Reforming Social Security to Increase Retirement Income

Witnesses at a Senate hearing discussed Social Security reforms that could boost potential retirement income for workers.

During the hearing, “The Strengthening Social Security to Meet the Needs of Tomorrow’s Retirees,” before the U.S. Senate Committee on Finance’s Subcommittee on Social Security, Pensions and Family Policy, Teresa Ghilarducci, chair of the Economics Department at the New School for Social Research in New York, New York, noted low and middle-income individuals are particularly vulnerable to low levels of retirement readiness, pointing out that these individuals are “more likely to take loans from their 401(k) or withdraw monies from their 401(k) or individual retirement account (IRA).” Ghilarducci also noted workers in these income ranges also tend to have more conservative investment portfolios that produce lower returns.

Age also seems to play a role in low levels of retirement readiness, with younger workers (ages 20 to 39) more likely to cash out their retirement balance than their older counterparts. “Forty percent of these workers cash out to a large loss,” she said.

Maya Rockeymoore, president and CEO of the Center for Global Policy Solutions in Washington, D.C., testified that she foresees a greater dependence on Social Security for retirement income, with “a majority of the nation’s workers continuing to rely on Social Security for much of their retirement income well into the future,” while at the same time the program’s benefits remain modest. Efforts to strengthen Social Security should not only focus on the program’s solvency, she said, but also consider how to increase the adequacy of benefits for vulnerable populations.

To that end, Rockeymoore recommended increasing benefits for the very old, increasing benefits for widowed spouses, increasing benefits for very low income workers, providing “across the board” benefit increases for all beneficiaries, and adopting a better cost-of-living adjustment (COLA) measure.

She suggested increasing benefits by a uniform dollar amount or by 5% for beneficiaries age 85 and older, and increasing benefits for surviving spouses to 75% of the sum of worker benefits received by the couple with a cap not to exceed the average earnings of one person or not to exceed the maximum earnings of one person that taxed and counted for Social Security. To address very low income workers, she suggested updating a special minimum benefit to 125% of the current poverty threshold and increasing benefits for single retirees at retirement and/or upon reaching the age of 85. She also suggested benefits be increased to meet the projected income needs of future retirees who have been harmed by macroeconomic factors beyond their control, such as stagnating wages and the recession. Finally, Rockeymoore suggested the Social Security system start using the consumer price index-elderly (CPI-E) as a more accurate means of determining annual COLAs, since it will factor in added costs such as those for health care.

Considering that individuals are living longer and many are working longer to make up for inadequate retirement savings, Jason J. Fichtner, senior research fellow at the Mercatus Center at George Mason University in Arlington, Virginia, suggested removing obstacles that discourage older Americans from remaining in the work force longer, such as increasing the special minimum benefit given to older Americans, raising the eligibility age, increasing the delayed retirement credit, and adjusting the benefit formula. He also suggested improving the financial literacy of workers.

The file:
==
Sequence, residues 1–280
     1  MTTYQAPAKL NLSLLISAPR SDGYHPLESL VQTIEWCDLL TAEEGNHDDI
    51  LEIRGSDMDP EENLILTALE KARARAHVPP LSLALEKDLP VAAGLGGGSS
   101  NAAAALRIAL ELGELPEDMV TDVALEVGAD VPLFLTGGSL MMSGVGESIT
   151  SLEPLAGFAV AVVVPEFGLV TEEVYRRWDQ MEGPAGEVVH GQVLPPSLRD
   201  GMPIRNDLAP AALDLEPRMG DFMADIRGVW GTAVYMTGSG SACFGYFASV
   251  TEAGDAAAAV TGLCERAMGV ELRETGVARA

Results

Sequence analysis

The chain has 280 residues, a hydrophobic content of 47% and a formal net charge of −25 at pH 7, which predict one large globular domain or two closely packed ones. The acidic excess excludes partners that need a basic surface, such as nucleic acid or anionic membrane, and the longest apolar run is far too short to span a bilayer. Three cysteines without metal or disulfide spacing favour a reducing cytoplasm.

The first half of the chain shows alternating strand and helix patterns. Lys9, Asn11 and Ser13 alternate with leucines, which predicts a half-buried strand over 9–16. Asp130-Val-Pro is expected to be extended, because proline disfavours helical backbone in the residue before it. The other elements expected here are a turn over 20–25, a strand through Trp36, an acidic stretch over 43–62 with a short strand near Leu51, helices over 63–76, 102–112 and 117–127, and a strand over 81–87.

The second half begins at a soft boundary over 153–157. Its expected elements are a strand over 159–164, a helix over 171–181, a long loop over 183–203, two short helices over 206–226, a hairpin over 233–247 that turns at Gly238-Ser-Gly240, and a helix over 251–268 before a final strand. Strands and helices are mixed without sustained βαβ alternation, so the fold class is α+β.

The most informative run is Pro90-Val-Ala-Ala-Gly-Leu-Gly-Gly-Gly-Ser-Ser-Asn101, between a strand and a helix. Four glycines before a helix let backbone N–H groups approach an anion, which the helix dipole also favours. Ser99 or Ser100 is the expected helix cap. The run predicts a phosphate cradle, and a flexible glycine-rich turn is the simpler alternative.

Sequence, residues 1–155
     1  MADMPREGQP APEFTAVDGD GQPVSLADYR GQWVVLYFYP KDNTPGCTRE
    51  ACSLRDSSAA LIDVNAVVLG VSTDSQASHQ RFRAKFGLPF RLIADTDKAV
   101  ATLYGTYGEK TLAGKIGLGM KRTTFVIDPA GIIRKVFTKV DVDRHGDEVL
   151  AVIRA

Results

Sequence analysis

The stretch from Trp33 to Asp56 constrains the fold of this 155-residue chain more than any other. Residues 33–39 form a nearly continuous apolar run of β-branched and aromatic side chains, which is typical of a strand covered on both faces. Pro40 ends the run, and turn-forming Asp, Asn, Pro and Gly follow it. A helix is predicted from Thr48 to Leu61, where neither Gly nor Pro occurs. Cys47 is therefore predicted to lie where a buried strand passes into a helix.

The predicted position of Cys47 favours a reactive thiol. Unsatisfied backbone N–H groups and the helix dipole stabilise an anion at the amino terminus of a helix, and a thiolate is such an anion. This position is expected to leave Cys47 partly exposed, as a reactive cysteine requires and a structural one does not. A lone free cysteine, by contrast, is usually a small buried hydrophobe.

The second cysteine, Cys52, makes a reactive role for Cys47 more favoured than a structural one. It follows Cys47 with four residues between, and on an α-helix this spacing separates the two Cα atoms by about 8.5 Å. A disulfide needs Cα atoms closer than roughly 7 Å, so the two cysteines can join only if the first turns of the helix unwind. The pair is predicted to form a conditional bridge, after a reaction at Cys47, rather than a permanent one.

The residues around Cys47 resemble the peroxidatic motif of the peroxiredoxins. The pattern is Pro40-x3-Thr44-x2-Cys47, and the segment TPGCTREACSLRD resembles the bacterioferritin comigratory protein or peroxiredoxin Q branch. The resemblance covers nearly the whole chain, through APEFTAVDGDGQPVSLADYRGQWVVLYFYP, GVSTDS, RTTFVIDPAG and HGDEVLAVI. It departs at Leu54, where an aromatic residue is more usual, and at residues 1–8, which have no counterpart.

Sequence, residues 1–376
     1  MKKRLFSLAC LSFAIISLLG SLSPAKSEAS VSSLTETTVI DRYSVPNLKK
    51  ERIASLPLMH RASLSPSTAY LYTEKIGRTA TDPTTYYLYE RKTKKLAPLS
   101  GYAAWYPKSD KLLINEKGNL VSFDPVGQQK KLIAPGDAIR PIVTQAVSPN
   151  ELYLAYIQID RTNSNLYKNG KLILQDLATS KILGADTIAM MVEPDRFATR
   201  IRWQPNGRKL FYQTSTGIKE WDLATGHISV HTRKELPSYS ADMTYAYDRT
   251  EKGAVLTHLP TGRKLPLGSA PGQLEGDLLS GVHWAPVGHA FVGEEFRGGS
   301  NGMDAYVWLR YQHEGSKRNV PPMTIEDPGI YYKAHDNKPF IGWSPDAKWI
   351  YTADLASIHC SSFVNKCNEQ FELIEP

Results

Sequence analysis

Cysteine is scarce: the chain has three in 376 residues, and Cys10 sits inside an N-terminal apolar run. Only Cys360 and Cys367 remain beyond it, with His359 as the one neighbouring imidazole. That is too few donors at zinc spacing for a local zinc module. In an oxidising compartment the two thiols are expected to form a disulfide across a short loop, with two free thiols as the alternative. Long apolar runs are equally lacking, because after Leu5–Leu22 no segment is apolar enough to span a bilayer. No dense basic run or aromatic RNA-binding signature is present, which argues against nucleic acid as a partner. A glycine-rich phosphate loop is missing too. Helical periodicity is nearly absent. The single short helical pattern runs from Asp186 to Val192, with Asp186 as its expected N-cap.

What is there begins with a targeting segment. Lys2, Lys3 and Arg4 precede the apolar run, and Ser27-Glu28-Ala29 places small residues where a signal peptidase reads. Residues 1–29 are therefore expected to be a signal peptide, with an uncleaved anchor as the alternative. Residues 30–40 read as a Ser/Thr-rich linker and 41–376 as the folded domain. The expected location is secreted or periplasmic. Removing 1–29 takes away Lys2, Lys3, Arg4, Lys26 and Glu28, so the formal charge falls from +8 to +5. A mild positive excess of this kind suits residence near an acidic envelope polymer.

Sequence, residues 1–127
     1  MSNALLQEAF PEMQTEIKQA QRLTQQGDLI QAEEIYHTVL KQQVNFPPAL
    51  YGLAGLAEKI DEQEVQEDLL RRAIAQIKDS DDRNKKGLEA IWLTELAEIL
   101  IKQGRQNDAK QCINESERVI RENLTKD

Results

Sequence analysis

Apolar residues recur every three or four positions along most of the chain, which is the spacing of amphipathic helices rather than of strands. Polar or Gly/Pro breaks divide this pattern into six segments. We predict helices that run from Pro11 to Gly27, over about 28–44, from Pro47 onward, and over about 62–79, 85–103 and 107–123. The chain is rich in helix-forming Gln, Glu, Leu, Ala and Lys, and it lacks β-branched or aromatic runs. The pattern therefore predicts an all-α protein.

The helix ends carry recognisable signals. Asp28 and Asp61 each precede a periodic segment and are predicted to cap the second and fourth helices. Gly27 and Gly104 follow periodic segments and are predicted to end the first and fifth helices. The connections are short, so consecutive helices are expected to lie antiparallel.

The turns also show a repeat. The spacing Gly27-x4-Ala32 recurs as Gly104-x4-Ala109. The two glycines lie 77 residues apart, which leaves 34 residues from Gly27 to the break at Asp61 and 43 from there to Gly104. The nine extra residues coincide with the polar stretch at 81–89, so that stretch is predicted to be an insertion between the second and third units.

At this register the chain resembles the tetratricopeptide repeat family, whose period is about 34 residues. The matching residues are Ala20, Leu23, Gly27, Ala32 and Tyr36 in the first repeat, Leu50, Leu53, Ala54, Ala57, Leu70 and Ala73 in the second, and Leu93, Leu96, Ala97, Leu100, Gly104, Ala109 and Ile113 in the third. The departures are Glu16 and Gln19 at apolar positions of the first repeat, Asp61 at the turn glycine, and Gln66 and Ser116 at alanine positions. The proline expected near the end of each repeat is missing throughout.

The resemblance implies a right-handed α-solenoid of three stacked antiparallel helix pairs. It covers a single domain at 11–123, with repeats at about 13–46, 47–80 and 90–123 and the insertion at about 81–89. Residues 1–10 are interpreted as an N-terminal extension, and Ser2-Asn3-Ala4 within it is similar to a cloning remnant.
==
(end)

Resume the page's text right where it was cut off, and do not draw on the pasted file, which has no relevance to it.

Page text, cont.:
Fichtner suggested raising the age workers are first eligible for benefits to 65, rather than 62. This would necessarily delay many claims and correlate with continued employment. Similarly, he suggested that increasing Social Security’s delayed retirement credit could result in “another positive work incentive.”

Fichtner also suggested a redesign to the benefits formula that would operate on each separate year of work rather than on one’s career average earnings. He pointed out that the current formula causes one’s returns from Social Security to drop with extended work, as one’s career average earnings rise and the system’s progressive benefit formula thus delivers lower returns.

On the subject of financial literacy, Fichtner testified, “Although people are living longer, a significant fraction of workers continues to start receiving Social Security benefits early, though this permanently reduces monthly benefits. Research links financial literacy and saving behavior, indicating that the less financially literate are also less likely to plan for retirement. Better informing people about the full costs of claiming benefits early may lead to more people choosing to delay claiming until the full retirement age, or longer, thus improving labor-force participation among seniors.”

Stephen Goss, chief actuary for the Social Security Administration in Baltimore, Maryland, said, Social Security reform is urgently needed, especially with retirees “increasingly at risk for having no other income than Social Security benefits.”

Goss noted that while certain career earners may have Social Security benefits as high as 70% of career average earnings, such individuals “tend to be far more dependent on Social Security as a sole source of retirement income,” adding that “about one-third of Social Security beneficiaries have little if any income outside of that provided by Social Security.”

According to Goss, any solutions to issues with the future of Social Security, and all sources of retirement income, need to address the aging of the population and the adequacy of monthly Social Security benefits in light of this aging.

More information about the hearing, including copies of the testimonies, is available here.